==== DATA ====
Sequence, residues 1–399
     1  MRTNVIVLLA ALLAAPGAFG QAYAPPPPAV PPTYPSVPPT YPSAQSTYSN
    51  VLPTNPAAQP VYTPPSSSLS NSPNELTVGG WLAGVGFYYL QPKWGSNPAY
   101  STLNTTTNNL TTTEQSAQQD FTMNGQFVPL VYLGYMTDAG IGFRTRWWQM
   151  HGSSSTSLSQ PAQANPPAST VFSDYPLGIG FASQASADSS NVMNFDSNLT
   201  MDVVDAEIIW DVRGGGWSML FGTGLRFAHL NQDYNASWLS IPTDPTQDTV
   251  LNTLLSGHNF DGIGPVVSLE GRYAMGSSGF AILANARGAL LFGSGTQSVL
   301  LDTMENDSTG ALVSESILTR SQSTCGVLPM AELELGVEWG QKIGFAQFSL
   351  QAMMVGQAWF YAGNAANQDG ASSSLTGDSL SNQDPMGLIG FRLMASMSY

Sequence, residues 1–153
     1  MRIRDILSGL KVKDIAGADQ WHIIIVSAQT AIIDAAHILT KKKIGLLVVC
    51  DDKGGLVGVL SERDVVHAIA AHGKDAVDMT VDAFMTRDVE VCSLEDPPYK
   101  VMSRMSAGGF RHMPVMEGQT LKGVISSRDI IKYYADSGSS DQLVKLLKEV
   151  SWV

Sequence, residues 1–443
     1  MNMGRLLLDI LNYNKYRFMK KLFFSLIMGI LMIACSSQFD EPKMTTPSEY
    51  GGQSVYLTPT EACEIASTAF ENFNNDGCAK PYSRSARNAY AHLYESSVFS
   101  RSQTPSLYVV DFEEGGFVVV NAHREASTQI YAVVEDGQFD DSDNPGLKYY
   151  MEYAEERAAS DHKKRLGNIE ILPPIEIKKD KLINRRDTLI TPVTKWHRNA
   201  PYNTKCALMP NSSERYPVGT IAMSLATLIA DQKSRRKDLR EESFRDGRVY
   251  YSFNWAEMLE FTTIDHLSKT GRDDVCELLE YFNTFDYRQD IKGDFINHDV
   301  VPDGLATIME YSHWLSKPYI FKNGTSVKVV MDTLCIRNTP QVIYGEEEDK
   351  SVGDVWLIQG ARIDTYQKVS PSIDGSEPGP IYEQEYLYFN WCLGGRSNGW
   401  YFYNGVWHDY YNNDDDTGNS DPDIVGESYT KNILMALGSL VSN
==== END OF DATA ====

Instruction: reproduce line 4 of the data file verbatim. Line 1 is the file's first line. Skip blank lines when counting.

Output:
   101  STLNTTTNNL TTTEQSAQQD FTMNGQFVPL VYLGYMTDAG IGFRTRWWQM